The Digital Marketing Workshop SXSW 2014

The Digital Marketing Workshop SXSW 2014

This is the deck used in The Digital Marketing Workshop at SXSW 2014.

Panelists include:

Blake Robinson, Director, Product & Marketing @Annalect
Israel Mirsky, Global Managing Director, Social & Performance @ Annalect

Margaret Francis, VP, Product @Heroku

Marshal Kirkpatrick, CEO @GetLittleBird

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blakerobinson

March 28, 2014
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Transcript

  1. The Digital Marketing Workshop SXSW 2014 #reachhack

  2. Who we are Blake Robinson - @blake Director, Product &

    Marketing, @Annalect Israel Mirsky - @IsraelMirsky Global Managing Dir, Social & Performance, @Annalect Margaret Francis - @MargaretFrancis VP, Product, @Heroku Marshall Kirkpatrick - @MarshallK CEO, @GetLittleBird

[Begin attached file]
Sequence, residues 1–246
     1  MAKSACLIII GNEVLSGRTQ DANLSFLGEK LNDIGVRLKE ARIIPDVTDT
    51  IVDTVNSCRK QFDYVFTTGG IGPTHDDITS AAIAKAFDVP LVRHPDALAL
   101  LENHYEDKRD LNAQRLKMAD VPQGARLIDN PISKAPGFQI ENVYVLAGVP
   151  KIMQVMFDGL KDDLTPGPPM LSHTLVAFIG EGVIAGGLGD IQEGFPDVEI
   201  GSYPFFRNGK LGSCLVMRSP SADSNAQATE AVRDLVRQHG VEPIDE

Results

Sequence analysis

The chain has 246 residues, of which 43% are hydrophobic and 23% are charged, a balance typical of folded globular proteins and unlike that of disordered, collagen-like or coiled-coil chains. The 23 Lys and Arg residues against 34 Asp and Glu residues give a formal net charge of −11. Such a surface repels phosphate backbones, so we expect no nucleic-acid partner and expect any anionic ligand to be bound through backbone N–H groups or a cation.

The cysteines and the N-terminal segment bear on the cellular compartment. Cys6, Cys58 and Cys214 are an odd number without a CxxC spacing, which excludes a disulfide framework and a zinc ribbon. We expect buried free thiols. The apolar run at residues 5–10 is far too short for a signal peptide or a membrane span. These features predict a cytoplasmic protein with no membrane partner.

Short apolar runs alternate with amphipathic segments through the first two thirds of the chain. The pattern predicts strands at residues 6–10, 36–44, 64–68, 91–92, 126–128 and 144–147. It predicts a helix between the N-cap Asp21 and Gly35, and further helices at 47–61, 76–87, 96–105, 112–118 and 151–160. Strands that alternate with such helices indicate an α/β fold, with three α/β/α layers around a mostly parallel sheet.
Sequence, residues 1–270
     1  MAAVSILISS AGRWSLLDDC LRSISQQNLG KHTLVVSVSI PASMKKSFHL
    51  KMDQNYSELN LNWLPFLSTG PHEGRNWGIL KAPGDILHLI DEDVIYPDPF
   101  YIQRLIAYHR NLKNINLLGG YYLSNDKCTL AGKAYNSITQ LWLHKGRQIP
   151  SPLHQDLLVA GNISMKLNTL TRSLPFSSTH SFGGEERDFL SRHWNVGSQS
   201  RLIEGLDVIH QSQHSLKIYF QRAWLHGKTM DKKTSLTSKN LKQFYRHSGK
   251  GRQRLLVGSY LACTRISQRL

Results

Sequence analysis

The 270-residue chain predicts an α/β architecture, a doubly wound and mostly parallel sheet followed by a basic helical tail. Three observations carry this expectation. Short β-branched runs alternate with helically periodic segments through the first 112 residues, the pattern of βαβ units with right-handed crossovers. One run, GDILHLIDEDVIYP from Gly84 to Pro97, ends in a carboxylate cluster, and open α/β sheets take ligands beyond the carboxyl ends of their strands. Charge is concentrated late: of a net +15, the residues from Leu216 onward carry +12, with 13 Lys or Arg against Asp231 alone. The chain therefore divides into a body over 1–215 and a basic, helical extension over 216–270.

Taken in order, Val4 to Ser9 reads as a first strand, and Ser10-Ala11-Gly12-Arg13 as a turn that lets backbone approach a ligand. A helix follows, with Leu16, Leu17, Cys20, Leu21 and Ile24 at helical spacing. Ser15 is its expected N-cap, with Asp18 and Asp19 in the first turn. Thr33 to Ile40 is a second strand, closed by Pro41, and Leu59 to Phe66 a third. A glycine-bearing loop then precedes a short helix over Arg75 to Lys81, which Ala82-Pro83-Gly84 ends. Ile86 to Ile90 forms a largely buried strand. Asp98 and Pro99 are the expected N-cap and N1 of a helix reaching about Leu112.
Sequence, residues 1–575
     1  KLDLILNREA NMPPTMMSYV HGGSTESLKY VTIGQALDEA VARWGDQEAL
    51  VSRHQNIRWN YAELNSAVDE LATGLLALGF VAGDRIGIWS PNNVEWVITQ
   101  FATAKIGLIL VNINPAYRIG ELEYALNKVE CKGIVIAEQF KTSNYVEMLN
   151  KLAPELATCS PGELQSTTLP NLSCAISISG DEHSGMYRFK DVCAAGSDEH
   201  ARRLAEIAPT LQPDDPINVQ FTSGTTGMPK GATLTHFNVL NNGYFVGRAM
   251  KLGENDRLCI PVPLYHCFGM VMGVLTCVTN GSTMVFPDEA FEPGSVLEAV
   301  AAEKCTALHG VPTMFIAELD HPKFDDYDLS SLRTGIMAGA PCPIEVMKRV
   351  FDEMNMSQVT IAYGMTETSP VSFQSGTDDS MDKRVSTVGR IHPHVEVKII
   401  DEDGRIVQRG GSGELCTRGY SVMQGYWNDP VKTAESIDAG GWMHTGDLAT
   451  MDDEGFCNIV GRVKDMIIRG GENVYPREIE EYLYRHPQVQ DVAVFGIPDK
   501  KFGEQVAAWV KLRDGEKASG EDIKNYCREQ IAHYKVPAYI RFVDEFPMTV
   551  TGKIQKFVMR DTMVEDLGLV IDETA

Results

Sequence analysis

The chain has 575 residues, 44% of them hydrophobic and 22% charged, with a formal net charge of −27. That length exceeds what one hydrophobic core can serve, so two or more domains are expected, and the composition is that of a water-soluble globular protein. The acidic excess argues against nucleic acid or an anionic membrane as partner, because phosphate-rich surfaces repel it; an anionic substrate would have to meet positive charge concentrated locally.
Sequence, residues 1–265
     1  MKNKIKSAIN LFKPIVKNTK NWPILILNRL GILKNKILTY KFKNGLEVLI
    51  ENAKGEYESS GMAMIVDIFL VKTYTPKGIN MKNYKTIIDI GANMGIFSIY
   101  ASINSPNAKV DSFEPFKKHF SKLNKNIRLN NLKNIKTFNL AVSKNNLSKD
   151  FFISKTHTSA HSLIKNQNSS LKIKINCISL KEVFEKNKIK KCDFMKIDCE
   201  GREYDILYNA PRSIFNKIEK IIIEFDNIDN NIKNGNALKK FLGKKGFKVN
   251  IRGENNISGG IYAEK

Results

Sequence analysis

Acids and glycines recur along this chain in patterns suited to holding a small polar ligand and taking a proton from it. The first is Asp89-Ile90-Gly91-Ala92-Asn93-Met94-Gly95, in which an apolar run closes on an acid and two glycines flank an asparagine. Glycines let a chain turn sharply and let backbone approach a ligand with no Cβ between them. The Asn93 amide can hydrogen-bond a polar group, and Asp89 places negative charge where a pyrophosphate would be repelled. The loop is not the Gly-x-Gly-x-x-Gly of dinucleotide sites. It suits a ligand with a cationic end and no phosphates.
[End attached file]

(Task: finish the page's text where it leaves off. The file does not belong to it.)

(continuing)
3. What is marketing?

  4. mar·ket·ing [mahr-ki-ting] n. The act or process of buying or

    selling in a market. n. The commercial functions involved in transferring goods from producer to consumer.
  5. Marketing typically works like this

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  10. Marketing should work like this

  11. What’s happening now? What’s coming up? Marketing Trends

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  13. Data Management Platforms DMPs Enable: •  Cross channel audience targeting

    •  Effective, efficient programmatic •  Reach/frequency << BIG DEAL •  Contributes to marketing automation across channels •  Supports understanding of social paid effectiveness •  Informed RTB •  Advanced analytics
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  15. demo requests: http://annalect.com/contact DMP

  16. Marketing Automation •  Demand generation •  Lead management •  Lead